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The University of Warwick is Europe’s most successful user of Hubble Space Telescope

  • University of Warwick is Europe’s leading user of the Hubble Space Telescope
  • Students and academics have regularly used Hubble over the past decade, and their discoveries include the first water-rich asteroids outside our solar system, stars ‘consuming’ planets and objects brighter than 10m galaxies
  • Warwick PhD students currently using Hubble to uncover the mysteries of stars that died before the Sun was born and how white dwarfs are ripping apart asteroids
  • 2015 marks 25th anniversary of Hubble’s launch

Mysteries ranging from dying planetary systems to gigantic cosmic explosions are being unravelled by Europe’s leading users of the Hubble Space Telescope (HST). The competition to use this iconic space-borne telescope is extremely fierce, and in 2015 the University of Warwick’s Astrophysics Group was Europe’s most successful applicant to use the HST.

Launched in 1990 the HST is operated by NASA, the European Space Agency and the Space Telescope Science Institute. In orbit outside of the Earth’s atmosphere that is distorting the view of the Universe, and blocking parts of the light from reaching telescopes on the ground, the HST provides the detailed data necessary to conduct research into the evolution of stars, planets, and the Universe.

A new generation of astrophysicists are currently using HST at Warwick to research stars that died before the Sun was born and how white dwarfs are ripping apart asteroids as part of their PhD studies.

Commenting on the University of Warwick Astrophysics Groups’ use of HST Professor Boris Gänsicke, who is a veteran user of HST:

“Hubble is much more than a telescope, or a satellite: it is an outstanding masterpiece of human achievement. Not only do its spectacular pictures shape the way we think about the Universe, but at the same time the enormous efforts of the engineers and astronauts which keep it in orbit, and make it ever more powerful, are an unrivalled source of inspiration. I have had the extraordinary privilege to use this iconic telescope for nearly two decades to study the fascinating stories that stars and planets can tell us. It is a great pleasure to see the next generation of young astronomers having the same opportunities, pointing Hubble towards the sky to push further into the unknown.”

A few highlights of the Hubble observations that the Warwick researchers have carried out to:

  • Discover of four white dwarf stars caught in the act of consuming earth-like exoplanets, as part of HST research to conduct biggest survey to date of the chemical composition of the atmospheres of dying stars:
  • Find solar objects that are 7.5 billion light-years away and were once brighter than 10 million galaxies:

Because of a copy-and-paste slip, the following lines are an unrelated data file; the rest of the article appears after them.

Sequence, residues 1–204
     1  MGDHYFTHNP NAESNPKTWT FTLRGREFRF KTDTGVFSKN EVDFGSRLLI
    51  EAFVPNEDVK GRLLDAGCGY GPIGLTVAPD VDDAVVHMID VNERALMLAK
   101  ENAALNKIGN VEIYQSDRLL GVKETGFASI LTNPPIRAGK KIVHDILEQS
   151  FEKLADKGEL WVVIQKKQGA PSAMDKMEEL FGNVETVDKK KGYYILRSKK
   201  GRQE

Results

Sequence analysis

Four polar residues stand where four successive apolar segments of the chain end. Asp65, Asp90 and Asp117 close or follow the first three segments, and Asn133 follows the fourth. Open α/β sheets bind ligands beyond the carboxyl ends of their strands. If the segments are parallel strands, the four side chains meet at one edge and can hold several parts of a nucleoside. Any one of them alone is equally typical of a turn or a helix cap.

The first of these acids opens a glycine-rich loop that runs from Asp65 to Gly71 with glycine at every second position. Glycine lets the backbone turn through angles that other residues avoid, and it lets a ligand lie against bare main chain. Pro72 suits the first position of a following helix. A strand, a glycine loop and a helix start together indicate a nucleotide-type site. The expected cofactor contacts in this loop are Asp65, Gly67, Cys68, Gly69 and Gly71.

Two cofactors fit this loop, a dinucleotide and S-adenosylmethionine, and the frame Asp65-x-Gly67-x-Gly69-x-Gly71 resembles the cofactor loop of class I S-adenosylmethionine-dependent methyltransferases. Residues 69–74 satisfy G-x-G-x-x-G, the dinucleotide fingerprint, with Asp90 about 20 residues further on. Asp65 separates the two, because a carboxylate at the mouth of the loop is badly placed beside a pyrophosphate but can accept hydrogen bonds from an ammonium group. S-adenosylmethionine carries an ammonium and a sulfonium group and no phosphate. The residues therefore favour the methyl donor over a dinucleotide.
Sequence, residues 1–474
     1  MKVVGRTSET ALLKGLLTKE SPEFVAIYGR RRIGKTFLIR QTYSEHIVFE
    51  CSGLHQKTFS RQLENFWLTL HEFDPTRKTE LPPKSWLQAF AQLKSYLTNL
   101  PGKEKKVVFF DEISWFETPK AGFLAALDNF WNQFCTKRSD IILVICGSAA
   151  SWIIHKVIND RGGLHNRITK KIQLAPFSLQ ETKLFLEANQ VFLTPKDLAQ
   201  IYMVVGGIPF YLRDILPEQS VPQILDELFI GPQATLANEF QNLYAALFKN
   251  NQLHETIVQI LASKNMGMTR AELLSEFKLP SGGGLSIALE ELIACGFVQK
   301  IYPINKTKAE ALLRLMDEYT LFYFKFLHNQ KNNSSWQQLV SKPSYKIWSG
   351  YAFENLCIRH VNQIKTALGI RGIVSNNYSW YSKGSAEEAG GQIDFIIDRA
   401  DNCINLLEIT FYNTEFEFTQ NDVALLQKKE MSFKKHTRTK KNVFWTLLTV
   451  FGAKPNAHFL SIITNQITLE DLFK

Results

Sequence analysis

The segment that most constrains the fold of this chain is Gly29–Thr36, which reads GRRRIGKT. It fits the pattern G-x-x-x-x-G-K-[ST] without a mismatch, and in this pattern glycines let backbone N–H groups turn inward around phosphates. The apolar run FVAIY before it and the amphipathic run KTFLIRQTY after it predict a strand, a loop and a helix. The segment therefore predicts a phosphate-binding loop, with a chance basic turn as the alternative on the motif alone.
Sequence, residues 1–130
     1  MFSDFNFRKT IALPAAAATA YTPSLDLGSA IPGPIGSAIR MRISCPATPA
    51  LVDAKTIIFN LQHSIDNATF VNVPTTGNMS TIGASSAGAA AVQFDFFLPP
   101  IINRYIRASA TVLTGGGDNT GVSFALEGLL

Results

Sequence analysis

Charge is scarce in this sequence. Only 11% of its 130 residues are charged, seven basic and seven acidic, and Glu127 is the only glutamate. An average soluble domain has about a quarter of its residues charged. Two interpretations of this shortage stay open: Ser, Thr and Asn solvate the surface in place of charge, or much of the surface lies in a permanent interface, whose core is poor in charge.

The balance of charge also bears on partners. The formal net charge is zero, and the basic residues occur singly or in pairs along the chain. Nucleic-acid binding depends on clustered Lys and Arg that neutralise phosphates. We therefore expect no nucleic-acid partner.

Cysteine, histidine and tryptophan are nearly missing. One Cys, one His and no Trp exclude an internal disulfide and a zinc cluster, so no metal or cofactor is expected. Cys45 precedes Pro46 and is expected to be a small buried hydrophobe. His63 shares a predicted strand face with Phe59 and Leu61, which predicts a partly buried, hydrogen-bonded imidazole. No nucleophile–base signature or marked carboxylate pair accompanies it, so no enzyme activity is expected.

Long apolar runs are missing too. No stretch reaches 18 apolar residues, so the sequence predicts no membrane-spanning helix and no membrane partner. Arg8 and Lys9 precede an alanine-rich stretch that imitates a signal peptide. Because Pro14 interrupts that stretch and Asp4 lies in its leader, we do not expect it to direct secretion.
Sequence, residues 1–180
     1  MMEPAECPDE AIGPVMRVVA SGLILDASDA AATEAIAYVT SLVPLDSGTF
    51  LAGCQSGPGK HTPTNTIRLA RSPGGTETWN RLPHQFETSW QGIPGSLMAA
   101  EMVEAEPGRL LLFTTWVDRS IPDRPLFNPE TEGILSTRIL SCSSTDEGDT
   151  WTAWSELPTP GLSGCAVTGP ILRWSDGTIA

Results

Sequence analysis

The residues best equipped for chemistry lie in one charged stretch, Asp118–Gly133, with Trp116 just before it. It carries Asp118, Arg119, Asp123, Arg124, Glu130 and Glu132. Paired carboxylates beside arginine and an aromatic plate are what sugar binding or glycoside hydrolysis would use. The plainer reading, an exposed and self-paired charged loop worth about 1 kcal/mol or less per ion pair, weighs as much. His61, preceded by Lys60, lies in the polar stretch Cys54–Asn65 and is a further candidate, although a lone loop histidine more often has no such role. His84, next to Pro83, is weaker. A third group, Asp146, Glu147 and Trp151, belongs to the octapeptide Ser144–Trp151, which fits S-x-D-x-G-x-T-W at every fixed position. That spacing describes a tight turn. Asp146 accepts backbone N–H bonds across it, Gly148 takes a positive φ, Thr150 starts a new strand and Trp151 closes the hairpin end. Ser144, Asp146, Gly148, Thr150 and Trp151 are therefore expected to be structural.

• Uncover the first evidence of a water-rich rocky planetary body outside our solar system in its shattered remains orbiting a white dwarf:

Discussing his research into stars and planetary systems that died before the Sun was born University of Warwick PhD student Mark Hollands said:

University of Warwick astrophysicists have pinpointed four white dwarfs surrounded by dust from shattered planetary bodies which once bore striking similarities to the composition of the Earth - research using the HST“Astronomers are now finding that the remains of planetary systems around dead stars, known as white dwarfs, are in fact quite common. When these burnt-out cores of former stars gobble up shredded rocky debris from planetesimals or asteroids (the building blocks of planets like the Earth), that material changes the light of the star that we observe in such a way that we can work backwards, and uncover the actual chemical composition of the in-falling rocks. We can use this to answer important questions like "Are planets around other stars built from the same stuff as the planets in our Solar system?".

“Pinning down in detail the chemistry of the material of these exo-planetesimals, as well as the age of the white dwarf requires detailed modelling of the starlight, from the infra-red, all the way into the ultra-violet. It is the ultra-violet that remains the greatest unknown in our understanding of these old planetary systems. The Earth's atmosphere blocks ultra-violet light (which is good news for our skin), so we cannot gather the observations that we need with telescopes on the ground.”

“In fact, the only instrument that can obtain ultra-violet data is the Hubble Space Telescope, floating above the Earth's atmosphere, and we were awarded time on this iconic satellite to look at three very old white dwarfs that ingested huge amounts of rocky material into their atmospheres.”


For further information please call:

The following members of the team are available to respond to interview requests over the Christmas break:

Mark Hollands on 07817307718 Email Though his phone will be off on Tuesday 22nd December from 11am till 3pm

David Wilson on 07772 470321

Boris Gaensicke may be able to respond to email on but not by phone.


Peter Dunn, Director of Press and Policy, University of Warwick,
Tel UK: 024 76523708 office 07767 655860 mobile
Tel Overseas: +44 (0)24 76523708 office +44 (0)7767 655860 mobile/cell
Email: Twitter @peterjdunn


PR667 21st December 2015